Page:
Merging Two iTunes Libraries
20th October 2010, a Wednesday
I recently had the somewhat unenviable task of combining two large iTunes libraries into one and found that there's pretty much no information on this online, so I thought I'd share my "technique" in the hope that someone might find it useful. Various guides detail the steps required to move a library to another machine, but not to merge it with another - the process shares some actions, but isn't quite the same. So here you are, lucky you.
My situation was thus: I had an older Windows PC with a large-ish (40GB) library from an old version of iTunes (I forget which, probably 7), synced with my iPod Classic. I also had my MacBook Pro (iTunes 10) with a smaller library (15GB) synced to my iPhone. I wanted to merge the two in such a way that all the meta-data (play counts, ratings, playlists etc) would be preserved - combined into one definitive library on my MacBook that I could sync to both iPod and iPhone.
I didn't have constant access to the old PC - only a copy of my iTunes library and music files on a USB disk. This meant a couple of extra steps which I'll detail below. You'll need a bit of patience and some spare disk space to do this properly - also note that I did most of this on a Mac, so if you're on Windows your mileage may vary slightly. Please back up any files before making changes! It's easy and good for your health.
One key prerequisite is that both old and new libraries must be sorted by iTunes - you need to use the "keep my music library organised" option so that iTunes organises your files by artist and album. If you don't do this, you'll have a tricky time merging the two folder trees together (unless they both use the same custom sorting scheme, but you'll be lucky).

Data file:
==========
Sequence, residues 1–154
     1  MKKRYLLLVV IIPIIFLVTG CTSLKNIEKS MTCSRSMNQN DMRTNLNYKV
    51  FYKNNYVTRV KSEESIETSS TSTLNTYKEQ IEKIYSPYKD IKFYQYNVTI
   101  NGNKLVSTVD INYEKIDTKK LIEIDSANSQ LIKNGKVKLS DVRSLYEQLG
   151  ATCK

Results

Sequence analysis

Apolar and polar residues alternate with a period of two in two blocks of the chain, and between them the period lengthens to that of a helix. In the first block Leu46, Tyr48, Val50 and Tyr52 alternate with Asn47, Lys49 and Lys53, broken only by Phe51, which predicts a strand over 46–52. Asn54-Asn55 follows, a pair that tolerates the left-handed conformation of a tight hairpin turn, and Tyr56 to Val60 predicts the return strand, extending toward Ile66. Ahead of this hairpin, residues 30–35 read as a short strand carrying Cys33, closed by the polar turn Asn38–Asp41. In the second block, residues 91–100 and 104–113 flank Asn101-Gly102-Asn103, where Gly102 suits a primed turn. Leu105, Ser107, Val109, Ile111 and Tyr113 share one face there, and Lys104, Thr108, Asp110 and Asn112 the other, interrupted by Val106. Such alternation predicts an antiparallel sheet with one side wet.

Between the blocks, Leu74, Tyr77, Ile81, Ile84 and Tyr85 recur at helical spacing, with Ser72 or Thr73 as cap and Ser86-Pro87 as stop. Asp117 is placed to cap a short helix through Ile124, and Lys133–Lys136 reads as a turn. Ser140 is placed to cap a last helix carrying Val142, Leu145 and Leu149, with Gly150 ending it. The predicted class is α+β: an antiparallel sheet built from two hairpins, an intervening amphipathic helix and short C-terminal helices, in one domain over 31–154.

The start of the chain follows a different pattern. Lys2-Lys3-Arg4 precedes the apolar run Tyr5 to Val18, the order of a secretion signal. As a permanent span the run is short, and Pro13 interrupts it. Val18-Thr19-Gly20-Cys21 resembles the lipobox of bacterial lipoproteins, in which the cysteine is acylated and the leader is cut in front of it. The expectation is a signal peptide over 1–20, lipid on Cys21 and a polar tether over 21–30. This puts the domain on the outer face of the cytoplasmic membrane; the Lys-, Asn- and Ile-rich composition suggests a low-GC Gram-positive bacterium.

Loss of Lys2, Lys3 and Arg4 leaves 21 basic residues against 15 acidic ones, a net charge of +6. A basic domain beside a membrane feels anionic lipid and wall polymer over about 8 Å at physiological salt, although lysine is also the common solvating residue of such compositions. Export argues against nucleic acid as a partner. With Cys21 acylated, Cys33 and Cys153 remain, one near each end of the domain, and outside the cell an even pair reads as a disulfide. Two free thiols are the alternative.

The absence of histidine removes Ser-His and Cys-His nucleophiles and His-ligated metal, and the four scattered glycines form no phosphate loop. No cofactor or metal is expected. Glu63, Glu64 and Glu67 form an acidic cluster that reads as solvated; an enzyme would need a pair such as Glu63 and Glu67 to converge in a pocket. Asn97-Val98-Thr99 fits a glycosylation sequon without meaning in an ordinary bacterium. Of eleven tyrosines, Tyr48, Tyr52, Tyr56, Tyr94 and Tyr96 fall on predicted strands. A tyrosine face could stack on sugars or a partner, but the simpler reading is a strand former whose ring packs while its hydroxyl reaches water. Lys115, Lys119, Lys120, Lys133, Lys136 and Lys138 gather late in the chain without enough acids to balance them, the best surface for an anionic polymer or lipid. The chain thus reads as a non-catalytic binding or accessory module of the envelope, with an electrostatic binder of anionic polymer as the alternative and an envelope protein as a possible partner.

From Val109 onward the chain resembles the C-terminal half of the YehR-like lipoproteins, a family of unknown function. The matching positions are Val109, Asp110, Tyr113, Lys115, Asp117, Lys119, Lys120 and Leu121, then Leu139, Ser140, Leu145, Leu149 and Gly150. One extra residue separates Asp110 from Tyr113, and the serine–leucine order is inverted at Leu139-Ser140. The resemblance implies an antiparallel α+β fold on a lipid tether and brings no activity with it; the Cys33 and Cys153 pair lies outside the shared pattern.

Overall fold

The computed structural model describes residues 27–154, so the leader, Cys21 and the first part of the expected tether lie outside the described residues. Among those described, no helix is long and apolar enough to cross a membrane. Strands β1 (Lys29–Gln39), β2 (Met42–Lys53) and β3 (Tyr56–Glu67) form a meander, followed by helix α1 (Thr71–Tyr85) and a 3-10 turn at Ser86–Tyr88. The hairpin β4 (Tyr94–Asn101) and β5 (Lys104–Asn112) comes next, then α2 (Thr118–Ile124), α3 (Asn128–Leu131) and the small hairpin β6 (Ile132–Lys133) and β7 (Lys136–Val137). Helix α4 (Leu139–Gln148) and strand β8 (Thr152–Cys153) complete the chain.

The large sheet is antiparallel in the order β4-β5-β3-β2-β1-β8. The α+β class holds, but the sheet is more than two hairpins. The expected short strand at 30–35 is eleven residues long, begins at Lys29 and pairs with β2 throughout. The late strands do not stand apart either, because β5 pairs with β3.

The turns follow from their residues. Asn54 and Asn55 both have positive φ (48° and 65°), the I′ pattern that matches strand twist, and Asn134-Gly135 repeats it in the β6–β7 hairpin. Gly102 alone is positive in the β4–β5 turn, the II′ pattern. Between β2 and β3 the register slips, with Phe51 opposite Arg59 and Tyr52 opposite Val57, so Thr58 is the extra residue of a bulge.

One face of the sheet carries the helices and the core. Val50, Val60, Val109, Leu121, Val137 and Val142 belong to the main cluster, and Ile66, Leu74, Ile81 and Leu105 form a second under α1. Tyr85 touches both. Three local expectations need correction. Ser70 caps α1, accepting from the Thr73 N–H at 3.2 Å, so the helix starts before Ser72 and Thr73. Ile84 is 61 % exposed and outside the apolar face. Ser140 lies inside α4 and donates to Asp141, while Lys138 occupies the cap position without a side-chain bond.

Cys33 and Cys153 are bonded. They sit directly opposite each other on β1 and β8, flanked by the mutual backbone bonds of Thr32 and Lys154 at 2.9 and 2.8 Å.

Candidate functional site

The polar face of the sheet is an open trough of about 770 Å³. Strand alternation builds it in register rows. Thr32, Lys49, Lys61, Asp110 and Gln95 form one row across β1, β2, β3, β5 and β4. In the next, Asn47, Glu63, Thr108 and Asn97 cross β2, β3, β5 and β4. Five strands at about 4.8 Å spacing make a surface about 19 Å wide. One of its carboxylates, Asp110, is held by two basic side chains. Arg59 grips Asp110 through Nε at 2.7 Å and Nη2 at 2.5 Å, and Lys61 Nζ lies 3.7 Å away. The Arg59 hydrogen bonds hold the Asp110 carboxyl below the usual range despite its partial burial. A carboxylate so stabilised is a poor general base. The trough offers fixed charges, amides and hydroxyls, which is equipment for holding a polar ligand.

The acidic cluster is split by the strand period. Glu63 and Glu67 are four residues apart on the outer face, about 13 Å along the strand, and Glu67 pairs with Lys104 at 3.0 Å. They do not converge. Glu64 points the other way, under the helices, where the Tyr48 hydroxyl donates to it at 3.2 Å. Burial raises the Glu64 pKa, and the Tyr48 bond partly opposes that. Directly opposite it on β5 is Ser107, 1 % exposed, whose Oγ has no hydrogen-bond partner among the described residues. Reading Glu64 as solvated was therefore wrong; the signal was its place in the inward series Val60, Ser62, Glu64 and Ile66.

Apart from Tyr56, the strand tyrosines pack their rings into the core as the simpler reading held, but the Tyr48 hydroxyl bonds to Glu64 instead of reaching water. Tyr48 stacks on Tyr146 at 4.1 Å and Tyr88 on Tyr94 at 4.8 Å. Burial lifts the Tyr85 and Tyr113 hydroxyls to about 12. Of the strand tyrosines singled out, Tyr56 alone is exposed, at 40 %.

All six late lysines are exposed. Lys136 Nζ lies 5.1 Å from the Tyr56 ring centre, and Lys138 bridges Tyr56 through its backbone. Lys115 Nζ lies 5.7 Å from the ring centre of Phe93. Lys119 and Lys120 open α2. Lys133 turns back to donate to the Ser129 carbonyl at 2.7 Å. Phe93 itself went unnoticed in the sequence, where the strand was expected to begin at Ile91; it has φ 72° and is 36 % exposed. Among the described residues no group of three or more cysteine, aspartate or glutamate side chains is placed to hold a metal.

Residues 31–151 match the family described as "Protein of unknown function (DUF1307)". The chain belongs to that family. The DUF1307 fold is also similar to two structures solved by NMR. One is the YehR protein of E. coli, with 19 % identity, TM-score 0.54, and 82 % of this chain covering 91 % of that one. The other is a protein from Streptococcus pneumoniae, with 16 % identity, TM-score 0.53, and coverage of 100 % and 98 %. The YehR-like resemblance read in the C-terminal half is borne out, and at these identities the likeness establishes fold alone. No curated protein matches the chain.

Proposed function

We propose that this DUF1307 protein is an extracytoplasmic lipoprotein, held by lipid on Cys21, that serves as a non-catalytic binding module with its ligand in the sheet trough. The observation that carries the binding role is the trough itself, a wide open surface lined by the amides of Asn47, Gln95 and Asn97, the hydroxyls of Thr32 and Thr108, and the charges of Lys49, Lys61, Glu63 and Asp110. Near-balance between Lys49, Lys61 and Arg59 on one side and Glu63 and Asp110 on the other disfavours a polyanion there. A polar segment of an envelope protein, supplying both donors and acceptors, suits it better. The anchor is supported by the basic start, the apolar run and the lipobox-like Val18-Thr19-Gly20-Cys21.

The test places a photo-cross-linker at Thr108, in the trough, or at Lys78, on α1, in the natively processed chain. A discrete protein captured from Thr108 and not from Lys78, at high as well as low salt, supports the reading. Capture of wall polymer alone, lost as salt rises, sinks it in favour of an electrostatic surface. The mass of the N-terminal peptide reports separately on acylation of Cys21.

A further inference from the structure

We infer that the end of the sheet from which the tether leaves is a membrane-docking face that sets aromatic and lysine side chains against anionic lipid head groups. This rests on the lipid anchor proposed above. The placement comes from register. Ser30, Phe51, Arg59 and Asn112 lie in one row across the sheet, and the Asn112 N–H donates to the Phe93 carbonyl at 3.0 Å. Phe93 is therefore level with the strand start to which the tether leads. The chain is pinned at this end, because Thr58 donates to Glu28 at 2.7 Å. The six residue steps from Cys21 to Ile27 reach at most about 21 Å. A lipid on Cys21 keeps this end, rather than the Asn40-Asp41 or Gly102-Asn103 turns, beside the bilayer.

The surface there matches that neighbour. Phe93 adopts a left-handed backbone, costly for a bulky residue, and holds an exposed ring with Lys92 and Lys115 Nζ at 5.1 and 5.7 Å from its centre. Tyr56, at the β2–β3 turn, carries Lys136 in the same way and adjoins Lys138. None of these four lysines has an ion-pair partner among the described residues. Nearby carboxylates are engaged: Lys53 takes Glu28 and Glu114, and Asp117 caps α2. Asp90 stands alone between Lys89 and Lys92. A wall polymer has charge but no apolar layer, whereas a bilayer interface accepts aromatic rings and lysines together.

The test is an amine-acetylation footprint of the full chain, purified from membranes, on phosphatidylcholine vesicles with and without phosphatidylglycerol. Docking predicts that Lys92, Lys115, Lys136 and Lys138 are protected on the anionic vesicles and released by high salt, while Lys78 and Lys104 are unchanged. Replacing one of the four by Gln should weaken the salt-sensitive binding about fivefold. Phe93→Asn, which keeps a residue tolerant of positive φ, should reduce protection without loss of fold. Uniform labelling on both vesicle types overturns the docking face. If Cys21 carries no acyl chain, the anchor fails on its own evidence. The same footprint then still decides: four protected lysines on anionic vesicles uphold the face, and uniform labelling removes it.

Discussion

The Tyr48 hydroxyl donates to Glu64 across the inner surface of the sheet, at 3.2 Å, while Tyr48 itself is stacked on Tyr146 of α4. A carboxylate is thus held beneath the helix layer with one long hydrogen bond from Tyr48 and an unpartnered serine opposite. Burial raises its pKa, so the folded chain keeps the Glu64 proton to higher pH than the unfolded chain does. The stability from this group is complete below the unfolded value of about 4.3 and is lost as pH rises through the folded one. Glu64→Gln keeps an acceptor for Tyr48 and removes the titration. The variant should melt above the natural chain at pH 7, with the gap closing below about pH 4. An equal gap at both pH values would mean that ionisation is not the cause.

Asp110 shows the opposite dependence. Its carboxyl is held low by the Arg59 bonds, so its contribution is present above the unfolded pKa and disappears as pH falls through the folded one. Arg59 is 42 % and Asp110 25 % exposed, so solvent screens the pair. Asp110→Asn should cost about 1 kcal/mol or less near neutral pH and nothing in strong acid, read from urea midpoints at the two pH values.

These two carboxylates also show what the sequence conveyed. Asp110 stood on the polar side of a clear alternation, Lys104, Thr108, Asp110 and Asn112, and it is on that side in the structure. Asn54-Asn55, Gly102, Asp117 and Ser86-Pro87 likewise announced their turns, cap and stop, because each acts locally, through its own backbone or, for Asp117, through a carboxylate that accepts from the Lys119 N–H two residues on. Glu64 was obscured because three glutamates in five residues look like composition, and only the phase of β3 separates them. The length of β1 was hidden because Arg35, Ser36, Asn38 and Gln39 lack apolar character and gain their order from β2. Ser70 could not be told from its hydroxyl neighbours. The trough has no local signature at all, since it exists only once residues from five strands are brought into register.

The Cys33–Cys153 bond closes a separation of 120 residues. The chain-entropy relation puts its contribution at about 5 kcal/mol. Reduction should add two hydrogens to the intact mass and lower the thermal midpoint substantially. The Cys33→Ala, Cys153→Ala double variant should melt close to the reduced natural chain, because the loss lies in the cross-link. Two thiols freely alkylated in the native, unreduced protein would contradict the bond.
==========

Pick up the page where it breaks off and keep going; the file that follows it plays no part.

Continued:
1. Due to the difference in iTunes library versions, the first thing I did was update the older library to the latest schema. I'm not sure if there are actually any significant differences between 7 and 10, but I didn't want to make things any harder than necessary. I updated the older library by firing up a Windows 7 virtual machine (I use VirtualBox, which is awesome - but you could just as well use any other Mac or PC separate from your main machine), installing iTunes 10 and replacing the default library with a copy of my old library files. Restarting iTunes automatically updated them, and my old library was shown in iTunes (though none of the tracks were playable because the files weren't on the system - no problem).
2. I went through a period a while back where I was adding new music to both libraries, so in order to minimise duplicates I sorted my newly updated "older" library by "date added" and deleted everything added after the point where my "newer" library started. I didn't lose any play counts or ratings here because at this point I was only listening to music on my Mac. I also deleted all podcasts from my older library (had them set up on the new library anyway).
3. I then exported the "older" library from iTunes: File > Library > Export Library. This creates an XML file containing all the library data - I named this something like "Old Library Export" and moved it into OS X via the USB disk.